FLI May, 2017 Newsletter

Reducing the Threat of Nuclear War

Experts Say Nuclear Weapons Are a Bigger Risk Today Than During Cold War

Until recently, many Americans believed that nuclear weapons don’t represent the same threat as during the Cold War. However, recent events and aggressive posturing between nuclear nations —especially the U.S., Russia, and North Korea—has increased public awareness and concern. These fears were addressed at a recent MIT conference on nuclear weapons.

“The possibility of a nuclear bomb going off is greater today than 20 years ago,” said Ernest Moniz, former Secretary of Energy and a keynote speaker.

California Congresswoman Barbara Lee, another keynote speaker, recently returned from a trip to South Korea and Japan. Of the trip, she said, “We went to the DMZ, and I saw how close to nuclear war we really are.”

Lee suggested that if we want to eliminate nuclear weapons once and for all, this is the time to do it. At the very least, she argued for a common sense nuclear policy of “no first use,” that is, the U.S. won’t launch the first nuclear strike.

“We must prevent the president from launching nuclear weapons without a declaration from Congress,” Lee said.

Learn more about the event and why nuclear weapons are thought to be a bigger risk today than ever before.

By Max Tegmark

Despite what you hear in the news, an atomic war between the superpowers is still the biggest threat. Delegates from most United Nations member states are gathering in New York next month to negotiate a nuclear weapons ban, and 30 Nobel Laureates, a former U.S. Secretary of Defense and over 3,000 other scientists from 84 countries have signed an open letter in support. Why?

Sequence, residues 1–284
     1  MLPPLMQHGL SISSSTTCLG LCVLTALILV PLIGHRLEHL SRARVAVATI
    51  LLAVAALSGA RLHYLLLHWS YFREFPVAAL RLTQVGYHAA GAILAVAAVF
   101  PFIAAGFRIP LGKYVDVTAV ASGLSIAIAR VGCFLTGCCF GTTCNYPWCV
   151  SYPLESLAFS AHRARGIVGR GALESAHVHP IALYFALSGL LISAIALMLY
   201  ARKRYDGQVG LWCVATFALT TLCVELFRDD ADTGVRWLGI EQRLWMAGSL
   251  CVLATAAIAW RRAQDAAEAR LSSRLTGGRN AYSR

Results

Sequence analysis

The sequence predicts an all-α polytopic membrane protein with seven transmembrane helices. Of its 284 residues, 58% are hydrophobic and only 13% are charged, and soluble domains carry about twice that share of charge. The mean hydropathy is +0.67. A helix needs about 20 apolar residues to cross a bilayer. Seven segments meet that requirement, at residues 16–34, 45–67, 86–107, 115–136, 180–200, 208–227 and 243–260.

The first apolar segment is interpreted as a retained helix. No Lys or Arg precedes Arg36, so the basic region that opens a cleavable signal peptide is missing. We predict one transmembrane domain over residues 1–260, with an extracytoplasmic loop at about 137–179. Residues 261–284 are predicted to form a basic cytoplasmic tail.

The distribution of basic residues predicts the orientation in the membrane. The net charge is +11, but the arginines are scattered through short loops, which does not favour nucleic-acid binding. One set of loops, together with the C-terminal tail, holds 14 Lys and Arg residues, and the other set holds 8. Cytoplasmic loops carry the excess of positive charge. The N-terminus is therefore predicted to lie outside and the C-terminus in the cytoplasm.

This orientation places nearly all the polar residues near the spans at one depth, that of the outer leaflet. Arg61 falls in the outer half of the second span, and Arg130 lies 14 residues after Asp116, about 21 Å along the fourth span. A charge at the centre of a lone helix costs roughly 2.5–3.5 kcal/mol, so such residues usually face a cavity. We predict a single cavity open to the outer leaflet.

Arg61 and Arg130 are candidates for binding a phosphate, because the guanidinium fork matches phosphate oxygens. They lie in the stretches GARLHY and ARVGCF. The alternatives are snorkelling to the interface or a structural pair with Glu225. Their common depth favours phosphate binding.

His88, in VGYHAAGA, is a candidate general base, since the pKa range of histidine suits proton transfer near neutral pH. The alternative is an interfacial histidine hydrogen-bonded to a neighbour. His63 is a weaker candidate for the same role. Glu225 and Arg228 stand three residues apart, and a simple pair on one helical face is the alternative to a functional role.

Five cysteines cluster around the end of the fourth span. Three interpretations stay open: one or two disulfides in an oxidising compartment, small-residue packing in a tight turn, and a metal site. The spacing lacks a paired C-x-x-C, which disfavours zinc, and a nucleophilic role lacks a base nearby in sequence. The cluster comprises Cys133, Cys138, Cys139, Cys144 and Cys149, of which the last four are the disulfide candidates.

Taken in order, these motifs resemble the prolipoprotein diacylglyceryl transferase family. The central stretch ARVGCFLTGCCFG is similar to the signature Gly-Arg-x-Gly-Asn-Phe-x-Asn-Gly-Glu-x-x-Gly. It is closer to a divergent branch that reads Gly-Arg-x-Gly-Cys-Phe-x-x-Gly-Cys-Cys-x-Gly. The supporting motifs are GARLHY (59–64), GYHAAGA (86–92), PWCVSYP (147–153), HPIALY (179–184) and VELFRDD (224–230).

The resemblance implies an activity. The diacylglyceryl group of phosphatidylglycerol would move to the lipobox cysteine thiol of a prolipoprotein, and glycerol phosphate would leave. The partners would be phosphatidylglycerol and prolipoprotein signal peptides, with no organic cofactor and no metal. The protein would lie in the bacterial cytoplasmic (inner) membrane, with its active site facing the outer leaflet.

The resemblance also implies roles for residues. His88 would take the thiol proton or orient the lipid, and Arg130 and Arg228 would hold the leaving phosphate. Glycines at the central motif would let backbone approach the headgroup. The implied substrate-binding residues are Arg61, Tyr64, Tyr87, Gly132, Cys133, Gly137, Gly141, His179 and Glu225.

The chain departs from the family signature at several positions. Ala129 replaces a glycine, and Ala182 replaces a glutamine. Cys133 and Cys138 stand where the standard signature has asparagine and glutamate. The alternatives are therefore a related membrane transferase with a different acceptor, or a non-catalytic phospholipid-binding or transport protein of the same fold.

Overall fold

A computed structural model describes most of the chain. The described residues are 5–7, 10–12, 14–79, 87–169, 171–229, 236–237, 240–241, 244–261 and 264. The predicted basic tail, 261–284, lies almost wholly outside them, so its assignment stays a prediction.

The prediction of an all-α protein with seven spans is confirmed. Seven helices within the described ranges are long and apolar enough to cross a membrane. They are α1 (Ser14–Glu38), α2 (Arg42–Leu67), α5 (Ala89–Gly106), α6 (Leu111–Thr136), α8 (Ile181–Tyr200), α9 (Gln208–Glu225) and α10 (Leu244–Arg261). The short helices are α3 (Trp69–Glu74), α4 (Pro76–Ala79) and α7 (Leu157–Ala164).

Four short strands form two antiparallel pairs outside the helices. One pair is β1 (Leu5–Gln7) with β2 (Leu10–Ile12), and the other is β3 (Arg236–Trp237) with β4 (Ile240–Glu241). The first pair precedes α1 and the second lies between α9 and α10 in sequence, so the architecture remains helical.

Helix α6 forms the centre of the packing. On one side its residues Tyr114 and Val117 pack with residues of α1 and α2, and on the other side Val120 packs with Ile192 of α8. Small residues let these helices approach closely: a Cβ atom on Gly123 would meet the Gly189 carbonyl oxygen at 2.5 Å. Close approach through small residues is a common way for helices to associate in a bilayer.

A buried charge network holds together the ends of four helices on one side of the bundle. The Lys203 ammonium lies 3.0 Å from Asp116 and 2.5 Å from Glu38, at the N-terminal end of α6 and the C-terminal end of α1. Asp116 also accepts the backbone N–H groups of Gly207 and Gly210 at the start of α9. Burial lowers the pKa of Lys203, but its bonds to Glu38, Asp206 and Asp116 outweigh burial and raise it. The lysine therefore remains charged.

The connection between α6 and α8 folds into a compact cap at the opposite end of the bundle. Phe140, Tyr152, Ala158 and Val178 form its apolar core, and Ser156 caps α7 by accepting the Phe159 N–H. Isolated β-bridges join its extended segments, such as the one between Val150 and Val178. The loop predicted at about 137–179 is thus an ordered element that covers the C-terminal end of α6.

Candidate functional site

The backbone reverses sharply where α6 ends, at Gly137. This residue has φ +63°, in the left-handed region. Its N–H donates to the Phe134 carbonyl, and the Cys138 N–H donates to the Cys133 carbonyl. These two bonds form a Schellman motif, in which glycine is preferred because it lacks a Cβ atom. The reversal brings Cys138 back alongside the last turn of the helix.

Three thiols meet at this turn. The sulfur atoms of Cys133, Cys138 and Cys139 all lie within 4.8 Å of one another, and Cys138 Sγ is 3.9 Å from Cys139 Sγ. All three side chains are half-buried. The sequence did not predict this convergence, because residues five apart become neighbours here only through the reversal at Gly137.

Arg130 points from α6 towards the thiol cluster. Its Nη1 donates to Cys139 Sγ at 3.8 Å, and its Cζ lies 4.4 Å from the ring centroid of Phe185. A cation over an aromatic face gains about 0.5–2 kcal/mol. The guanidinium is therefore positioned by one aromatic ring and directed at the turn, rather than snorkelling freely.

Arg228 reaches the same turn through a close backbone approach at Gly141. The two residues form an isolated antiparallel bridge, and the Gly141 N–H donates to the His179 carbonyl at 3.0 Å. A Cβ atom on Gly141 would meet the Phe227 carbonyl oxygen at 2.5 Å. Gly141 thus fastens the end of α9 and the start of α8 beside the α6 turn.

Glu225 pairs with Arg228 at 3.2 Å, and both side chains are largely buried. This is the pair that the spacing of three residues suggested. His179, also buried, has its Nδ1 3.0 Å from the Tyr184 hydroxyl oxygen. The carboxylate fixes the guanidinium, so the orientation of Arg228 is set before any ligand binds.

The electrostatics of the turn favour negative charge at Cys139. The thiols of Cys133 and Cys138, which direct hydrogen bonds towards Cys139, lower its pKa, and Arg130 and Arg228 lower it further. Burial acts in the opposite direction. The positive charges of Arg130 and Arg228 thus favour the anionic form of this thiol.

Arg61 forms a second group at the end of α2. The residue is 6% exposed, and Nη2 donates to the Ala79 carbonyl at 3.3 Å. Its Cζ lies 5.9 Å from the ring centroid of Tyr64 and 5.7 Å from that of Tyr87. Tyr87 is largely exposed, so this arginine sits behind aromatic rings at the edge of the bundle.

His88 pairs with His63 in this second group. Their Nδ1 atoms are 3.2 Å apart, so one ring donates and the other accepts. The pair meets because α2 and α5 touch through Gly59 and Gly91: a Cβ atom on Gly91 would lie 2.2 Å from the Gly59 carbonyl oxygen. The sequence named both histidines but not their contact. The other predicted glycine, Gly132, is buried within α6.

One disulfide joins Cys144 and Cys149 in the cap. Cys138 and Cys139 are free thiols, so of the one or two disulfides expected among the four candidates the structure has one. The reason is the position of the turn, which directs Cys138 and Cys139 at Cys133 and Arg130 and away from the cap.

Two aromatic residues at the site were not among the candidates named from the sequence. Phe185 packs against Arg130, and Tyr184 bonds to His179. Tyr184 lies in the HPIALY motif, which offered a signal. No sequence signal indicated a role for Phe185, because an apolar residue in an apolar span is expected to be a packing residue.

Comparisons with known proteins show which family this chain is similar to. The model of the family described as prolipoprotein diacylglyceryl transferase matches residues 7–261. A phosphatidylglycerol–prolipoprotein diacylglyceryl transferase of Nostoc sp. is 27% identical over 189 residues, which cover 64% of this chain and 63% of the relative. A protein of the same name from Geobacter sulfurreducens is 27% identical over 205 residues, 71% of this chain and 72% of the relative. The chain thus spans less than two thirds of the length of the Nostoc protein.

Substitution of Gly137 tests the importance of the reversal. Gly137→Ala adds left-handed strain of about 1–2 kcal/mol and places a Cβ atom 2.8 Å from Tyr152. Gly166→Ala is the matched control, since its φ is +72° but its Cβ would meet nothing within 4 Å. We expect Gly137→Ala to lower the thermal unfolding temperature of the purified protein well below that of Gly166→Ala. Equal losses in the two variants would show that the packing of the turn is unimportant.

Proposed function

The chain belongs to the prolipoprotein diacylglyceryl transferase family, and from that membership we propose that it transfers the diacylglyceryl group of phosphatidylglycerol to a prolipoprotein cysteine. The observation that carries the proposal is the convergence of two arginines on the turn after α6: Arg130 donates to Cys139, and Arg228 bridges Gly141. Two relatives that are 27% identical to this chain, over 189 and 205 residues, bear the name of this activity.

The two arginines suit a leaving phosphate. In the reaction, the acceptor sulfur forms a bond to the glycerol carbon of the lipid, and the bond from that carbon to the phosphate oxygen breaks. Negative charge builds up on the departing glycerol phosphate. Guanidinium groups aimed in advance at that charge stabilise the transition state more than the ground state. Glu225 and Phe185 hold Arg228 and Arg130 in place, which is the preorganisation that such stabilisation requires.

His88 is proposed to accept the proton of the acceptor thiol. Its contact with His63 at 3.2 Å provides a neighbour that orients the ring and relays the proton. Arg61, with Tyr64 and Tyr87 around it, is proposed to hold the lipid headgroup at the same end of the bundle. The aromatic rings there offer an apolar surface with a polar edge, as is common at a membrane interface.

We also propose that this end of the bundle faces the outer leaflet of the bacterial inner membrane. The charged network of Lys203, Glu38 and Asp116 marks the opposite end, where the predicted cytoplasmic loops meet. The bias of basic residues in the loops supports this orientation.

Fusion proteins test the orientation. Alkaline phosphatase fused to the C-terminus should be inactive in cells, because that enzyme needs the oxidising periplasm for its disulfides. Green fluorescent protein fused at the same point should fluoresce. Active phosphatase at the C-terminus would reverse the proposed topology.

This one-day event featured a great speaker lineup, including Iran-deal broker Ernie Moniz (MIT, former Secretary of Energy), California Congresswoman Barbara Lee, Lisbeth Gronlund (Union of Concerned Scientists), Joe Cirincione (Ploughshares), former congressman John Tierney, MA state reps Denise Provost and Mike Connolly, and Cambridge Mayor Denise Simmons. This conference addressed the political and economic realities, in an attempt to stimulate and inform the kinds of social movement needed to change national policy, with a focus on concrete steps we can take to reduce the risks.

Check us out on SoundCloud and iTunes!

Podcast: Creative AI with Mark Riedl & Scientists Support a Nuclear Ban

This is a special two-part podcast. First, Mark and Ariel discuss how AIs can use stories and creativity to understand and exhibit culture and ethics, while also gaining “common sense reasoning.” They also discuss the “big red button” problem in AI safety research, the process of teaching “rationalization” to AIs, and computational creativity. Mark is an associate professor at the Georgia Tech School of interactive computing, where his recent work has focused on human-AI interaction and how humans and AI systems can understand each other.

Then, we hear from scientists, politicians and concerned citizens about why they support the upcoming UN negotiations to ban nuclear weapons. Ariel interviewed a broad range of people over the past two months, and highlights are compiled here, including comments by Congresswoman Barbara Lee, Nobel Laureate Martin Chalfie, and FLI president Max Tegmark.